Monday, December 03, 2007
More Holiday Observations
I don’t get out much. K, she works “in the community,” so her exposure to people, contemporary developments, retail, and other things, is greater than mine. I have an office job, where I spend the great amount of my time in close proximity to my desk, which accounts for a great amount of my life, at least 40 hours a week, usually more. While I do the family grocery shopping, I attack that process with the same aggression and surgical precision I apply to most all other things in my life. I don’t browse – I map out the layout of the store, organize my list accordingly, and do not deviate. I don’t window shop – I use the Internet, precisely because I can do it whenever I want, or at my desk, if necessary. I read about “real life.” I hear about it on NPR. I listen to its music. However, I choose not to interact with it very much.
So imagine my surprise, or alternatively, my consternation, at being plopped down into the middle of a local Best Buy store Sunday afternoon. Where I discovered the real-life fun of virtual guitar playing, known commonly as Guitar Hero ©. Rock on!
Aside from the fact that I had to wait patiently in line for the under 13 crowd to relinquish their grimy hold on the guitar at one of the playstations to the rear of the store, I have to admit that I enjoyed myself thoroughly.
And it wasn’t just the time spent with guitar in hand.
As I walked into the store past the computer section, I noticed one of the game centers, where there were two young men with long, frizzy hair and flannel shirts commandeering the guitar/drum/karaoke station. These guys were at the station when I arrived, held court in it the entirety of my visit, and were still firmly ensconced when I left the store. These guys were a riot – grunge circa 1992, likely owners of every single album Pearl Jam ever put out (with strong opinions on what the “true” greatest hits should have been), lifesize posters of Cobain adorning their bedrooms, with the last car in Topeka, Kansas to use regular gasoline parked in the Best Buy lot. These guys air-riffed, drummed and wailed their hearts out, as if the rest of the population: Best Buy, 50,000 were not sharing their space. I tried to organize people to stand on the other side of the machine and jump up and down with their hands in the “I love you” formation, crowd-swim, or hold up lighters, but the real Topeka is just as boring as I remembered it.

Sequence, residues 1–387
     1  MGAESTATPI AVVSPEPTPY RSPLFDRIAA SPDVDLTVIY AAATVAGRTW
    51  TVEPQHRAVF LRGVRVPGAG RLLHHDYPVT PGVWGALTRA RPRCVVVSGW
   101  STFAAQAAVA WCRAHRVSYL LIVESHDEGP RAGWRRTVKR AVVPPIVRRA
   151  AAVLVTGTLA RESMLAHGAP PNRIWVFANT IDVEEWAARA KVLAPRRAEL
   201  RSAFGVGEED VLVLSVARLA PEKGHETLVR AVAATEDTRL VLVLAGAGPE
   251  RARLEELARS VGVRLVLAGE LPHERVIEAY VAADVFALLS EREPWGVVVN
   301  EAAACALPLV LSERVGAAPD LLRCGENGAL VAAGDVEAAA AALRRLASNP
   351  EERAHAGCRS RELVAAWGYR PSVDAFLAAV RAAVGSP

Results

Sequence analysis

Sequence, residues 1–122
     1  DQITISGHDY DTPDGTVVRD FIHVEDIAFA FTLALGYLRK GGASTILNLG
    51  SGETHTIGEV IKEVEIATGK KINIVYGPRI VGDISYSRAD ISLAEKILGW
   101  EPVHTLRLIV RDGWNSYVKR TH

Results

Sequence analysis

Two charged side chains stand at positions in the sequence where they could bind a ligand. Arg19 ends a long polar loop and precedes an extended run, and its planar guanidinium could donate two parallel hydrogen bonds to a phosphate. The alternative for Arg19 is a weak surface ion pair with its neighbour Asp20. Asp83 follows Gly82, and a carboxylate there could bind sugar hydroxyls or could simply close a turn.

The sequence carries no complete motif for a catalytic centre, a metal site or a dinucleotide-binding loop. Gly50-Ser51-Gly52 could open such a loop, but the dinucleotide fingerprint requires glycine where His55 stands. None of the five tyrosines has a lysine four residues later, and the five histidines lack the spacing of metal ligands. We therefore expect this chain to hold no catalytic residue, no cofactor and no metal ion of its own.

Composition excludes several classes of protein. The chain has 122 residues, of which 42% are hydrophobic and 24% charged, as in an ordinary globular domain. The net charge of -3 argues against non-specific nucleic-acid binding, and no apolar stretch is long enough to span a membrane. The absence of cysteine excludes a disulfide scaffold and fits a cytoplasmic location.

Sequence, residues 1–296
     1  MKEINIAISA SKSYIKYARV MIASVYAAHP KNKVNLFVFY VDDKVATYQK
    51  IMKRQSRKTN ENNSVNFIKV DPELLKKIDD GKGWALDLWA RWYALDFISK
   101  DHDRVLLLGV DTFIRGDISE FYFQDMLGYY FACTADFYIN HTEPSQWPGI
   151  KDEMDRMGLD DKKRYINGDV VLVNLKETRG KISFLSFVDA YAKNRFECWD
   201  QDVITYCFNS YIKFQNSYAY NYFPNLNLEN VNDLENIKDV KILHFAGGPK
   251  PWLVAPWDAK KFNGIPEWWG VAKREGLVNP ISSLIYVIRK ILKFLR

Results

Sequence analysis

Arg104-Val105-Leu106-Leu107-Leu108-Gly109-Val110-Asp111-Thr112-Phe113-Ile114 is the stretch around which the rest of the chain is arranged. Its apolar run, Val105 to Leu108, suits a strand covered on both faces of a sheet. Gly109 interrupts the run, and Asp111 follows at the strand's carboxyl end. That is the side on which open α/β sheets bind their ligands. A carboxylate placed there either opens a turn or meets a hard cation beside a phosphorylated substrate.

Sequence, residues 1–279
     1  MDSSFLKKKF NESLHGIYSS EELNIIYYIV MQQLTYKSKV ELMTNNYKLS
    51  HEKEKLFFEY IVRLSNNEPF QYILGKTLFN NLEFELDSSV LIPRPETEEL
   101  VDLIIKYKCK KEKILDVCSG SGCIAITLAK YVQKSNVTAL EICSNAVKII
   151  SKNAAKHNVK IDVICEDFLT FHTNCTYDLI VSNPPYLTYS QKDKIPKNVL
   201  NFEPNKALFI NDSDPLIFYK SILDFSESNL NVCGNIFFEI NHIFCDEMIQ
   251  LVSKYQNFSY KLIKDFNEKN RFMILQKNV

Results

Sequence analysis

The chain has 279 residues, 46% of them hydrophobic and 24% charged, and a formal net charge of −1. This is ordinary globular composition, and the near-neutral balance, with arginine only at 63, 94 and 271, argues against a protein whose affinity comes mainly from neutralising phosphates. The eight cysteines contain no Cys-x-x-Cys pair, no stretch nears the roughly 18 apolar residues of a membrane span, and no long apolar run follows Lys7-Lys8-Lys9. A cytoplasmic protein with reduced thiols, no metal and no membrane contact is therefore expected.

Posted by Misfit Farms at 8:11 PM